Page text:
• YouTube TV - $65 per month - YouTube TV gives you access to ESPN as well as over 70 other TV channels and a free 14-day trial available.
  • AT&T TV Now - $65 per month - AT&T TV Now may be more expensive than the competition but in addition to ESPN you also get access to HBO with your plan. The service allows you to watch over 45 live TV channels and you can also record up to 20 hours of content using its cloud DVR.

Of course, the MLB also has its own popular service, MLB.TV. There are three different plan options available, with prices starting at just $24.99 for one-month of access. You can sign up for the year at $59.99, or get access to just a single team's games for $49.99. There are a lot of blackout restrictions while using the service, though, so you may want to consider pairing MLB.TV with a VPN, like ExpressVPN mentioned above in order to be able to access your local games easier.

How to watch MLB 2020 season in the UK

If you reside in the UK and want to keep up with the MLB season this year, BT Sport is your best bet. The network will be airing a bunch of different games, so be sure to check out the full schedule for what you can and can't watch.

Are there any new MLB rules for 2020?

One of the big changes this year is that with the shortened season the MLB will be adapting the Minor League rule for extra innings. This means that every half-inning after the ninth will begin with a runner on second base. The designated runner will be the player whom made the final out in the prior half-inning. To keep things fair, pitchers won't be charged with an earned run if that player scores during extra innings. This rule will only apply to the shortened 2020 season, and will not be in effect during postseason.

Pitchers will now have a three-batter minimum, meaning that if a team opts to bring in a relief pitcher they must face three different batters before the team can remove them or change things up, unless they become injured. Finally, if a game needs to be cut short due to weather before the end of the fifth inning (where it's not considered official), the games will be continued at a later date, and not started over.

How is the MLB preventing spread of COVID?

From the MLB's site the organization has a bunch of new requirements for players this year to keep things safe. These include:

  • Players will receive temperature/symptom checks twice per day.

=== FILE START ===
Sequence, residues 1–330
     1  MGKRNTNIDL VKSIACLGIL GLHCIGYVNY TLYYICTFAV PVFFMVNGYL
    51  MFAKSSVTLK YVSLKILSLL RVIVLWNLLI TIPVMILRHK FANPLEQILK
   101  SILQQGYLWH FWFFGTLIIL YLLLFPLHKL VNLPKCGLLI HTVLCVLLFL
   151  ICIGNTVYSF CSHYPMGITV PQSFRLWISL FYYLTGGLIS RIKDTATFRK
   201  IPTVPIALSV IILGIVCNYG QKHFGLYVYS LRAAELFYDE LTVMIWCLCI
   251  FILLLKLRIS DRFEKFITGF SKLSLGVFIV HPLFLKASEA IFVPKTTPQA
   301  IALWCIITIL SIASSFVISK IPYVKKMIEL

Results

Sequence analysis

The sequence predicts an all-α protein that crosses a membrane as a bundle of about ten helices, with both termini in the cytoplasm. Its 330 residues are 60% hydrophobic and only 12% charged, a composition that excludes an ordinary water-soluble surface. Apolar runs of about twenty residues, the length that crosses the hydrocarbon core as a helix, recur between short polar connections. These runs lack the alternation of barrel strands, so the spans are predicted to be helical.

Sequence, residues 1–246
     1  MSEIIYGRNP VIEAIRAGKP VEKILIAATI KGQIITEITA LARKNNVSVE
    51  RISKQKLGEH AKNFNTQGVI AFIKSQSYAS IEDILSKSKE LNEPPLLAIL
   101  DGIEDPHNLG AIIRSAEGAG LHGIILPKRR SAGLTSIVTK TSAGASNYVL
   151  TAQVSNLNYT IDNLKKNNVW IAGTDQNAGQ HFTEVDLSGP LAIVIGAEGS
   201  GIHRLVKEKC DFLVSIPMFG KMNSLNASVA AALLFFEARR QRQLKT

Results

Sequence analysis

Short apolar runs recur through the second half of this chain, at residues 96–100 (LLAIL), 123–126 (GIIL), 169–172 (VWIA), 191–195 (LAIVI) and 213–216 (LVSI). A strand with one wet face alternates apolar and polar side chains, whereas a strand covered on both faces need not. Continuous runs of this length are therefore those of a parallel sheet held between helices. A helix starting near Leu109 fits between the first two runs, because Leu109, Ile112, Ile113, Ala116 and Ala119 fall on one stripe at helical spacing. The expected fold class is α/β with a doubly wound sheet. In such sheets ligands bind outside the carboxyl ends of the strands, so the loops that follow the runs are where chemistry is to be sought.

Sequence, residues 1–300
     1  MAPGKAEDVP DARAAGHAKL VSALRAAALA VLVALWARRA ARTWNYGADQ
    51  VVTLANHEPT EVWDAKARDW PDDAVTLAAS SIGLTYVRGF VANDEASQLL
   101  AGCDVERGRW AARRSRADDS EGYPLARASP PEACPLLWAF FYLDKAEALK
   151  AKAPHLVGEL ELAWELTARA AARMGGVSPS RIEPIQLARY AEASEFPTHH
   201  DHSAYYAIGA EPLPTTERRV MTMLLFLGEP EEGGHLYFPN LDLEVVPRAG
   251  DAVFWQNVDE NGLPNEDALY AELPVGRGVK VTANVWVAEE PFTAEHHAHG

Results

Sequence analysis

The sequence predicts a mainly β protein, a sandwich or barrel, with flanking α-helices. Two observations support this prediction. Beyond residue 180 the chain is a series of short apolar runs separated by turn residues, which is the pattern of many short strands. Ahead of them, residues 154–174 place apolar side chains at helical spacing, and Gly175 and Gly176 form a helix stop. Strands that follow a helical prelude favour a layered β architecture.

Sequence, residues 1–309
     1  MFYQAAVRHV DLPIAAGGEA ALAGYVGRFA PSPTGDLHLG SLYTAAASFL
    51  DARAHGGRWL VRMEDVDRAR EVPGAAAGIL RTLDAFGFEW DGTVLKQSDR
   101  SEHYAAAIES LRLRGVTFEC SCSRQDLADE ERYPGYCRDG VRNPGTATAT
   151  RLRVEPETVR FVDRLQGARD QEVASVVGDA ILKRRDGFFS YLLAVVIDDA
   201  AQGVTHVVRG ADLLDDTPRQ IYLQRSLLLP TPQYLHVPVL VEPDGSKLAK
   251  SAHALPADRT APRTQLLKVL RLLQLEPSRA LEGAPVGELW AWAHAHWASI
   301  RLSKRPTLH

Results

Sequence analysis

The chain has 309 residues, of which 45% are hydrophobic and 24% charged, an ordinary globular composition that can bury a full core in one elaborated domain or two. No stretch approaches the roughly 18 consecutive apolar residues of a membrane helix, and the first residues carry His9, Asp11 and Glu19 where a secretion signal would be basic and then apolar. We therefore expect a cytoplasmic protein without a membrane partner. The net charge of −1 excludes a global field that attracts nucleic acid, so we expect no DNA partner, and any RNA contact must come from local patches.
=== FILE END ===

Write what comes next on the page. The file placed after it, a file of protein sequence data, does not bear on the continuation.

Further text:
• Antibody testing will be conducted once per month.
  • Social distancing will be encouraged as much as possible both on the field and off. Players and other team personnel not participating in the game will be sitting in the stands, at least six feet apart.
  • Non-playing personnel must wear masks in the dugout and bullpen at all times.
  • No pregame exchange of lineup cards.
  • No celebratory contact (high-fives, fist bumps, hugs, etc.).
  • No spitting or chewing of tobacco and/or sunflower seeds. Chewing gum is allowed.
  • A ball will be thrown out once it has been touched by multiple players.
  • Fights are strictly prohibited.

Should a player end up testing positive, the teams will place that player on a COVID-19 related injury list, which has no minimum or maximum length of placement. Teams can place players who test positive there, those who may have been exposed, and those who are experiencing symptoms. Players are not allowed to return until there are two negative COVID tests.

If there are COVID outbreaks in cities where teams are scheduled to play, the MLB has the right to relocate the teams to a neutral site for the safety of everyone.

Unfortunately, 14 players of the Miami Marlins have tested positive for COVID-19 following their weekend series with the Phillies. At this time, there's no information available about how this impacts the season or any other games, but we expect the MLB will have to address this sooner than later.

Jared DiPane
Jared started off writing about mobile phones back when BlackBerry ruled the market, and Windows Mobile was kinda cool. Now, with a family, mortgage and other responsibilities he has no choice but to look for the best deals, and he's here to share them with you.